Mobile Unit. Scheelite mining
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An interview with Mr Gaskill, of Glenorchy, who discusses scheelite mining.
Mr Gaskill has been in New Zealand for around thirty-two years. He originally came out to be a farmer, but moved into scheelite mining for better pay. The main scheelite deposit in New Zealand is located in Glenorchy, with another at McCrae's Flat in Central Otago.
The mine in Glenorchy was first worked in the 1870s. It was started by a Mr Watson, an ex-solicitor from Glasgow. Initially demand was small, but it grew with the use of scheelite in hardening steel. Mr Gaskill claims that New Zealand has the purest scheelite in the world. He gives details about the mine such as output, and the elevation at 6,000 feet at the highest - above the snowline. He says working at such an altitude is very healthy. The scheelite is transported down from the mine via horse-pulled sledges.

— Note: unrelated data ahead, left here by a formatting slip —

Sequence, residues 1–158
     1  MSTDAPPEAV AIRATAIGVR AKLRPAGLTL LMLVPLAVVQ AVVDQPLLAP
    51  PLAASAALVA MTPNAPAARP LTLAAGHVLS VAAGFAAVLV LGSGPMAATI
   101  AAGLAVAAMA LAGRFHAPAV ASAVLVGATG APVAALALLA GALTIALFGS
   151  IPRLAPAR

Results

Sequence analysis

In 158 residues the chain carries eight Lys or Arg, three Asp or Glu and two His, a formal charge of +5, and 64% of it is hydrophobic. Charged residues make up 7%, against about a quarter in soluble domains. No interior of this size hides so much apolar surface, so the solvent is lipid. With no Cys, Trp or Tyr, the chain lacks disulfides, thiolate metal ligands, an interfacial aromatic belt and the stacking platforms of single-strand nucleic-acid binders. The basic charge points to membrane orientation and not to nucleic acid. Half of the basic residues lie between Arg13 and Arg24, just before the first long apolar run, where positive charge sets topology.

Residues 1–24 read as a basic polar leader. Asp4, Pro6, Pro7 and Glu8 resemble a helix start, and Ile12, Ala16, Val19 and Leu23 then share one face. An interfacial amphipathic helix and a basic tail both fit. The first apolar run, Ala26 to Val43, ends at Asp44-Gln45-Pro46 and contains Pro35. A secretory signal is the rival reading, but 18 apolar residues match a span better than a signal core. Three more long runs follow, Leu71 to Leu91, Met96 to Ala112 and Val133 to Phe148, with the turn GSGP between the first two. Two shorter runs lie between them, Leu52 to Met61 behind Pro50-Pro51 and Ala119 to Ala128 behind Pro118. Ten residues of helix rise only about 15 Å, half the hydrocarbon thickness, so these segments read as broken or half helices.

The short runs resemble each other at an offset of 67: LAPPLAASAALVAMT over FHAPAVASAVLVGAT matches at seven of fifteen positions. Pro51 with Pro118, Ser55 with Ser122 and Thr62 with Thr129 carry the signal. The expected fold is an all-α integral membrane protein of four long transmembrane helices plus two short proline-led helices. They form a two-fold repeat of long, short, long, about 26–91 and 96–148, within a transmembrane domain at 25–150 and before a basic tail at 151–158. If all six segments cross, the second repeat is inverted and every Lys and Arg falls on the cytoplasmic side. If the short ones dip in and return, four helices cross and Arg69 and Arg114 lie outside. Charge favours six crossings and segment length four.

He then speaks about the price of scheelite. At the time of the interview the price is between £350 and £400 per tonne. Scheelite mining doesn't allow for sudden large fortunes as does gold mining, and the production is patchy - some months may be quite productive, and the next could be low. He says the industry would benefit from adequate financing, and that it would be "a very payable proposition".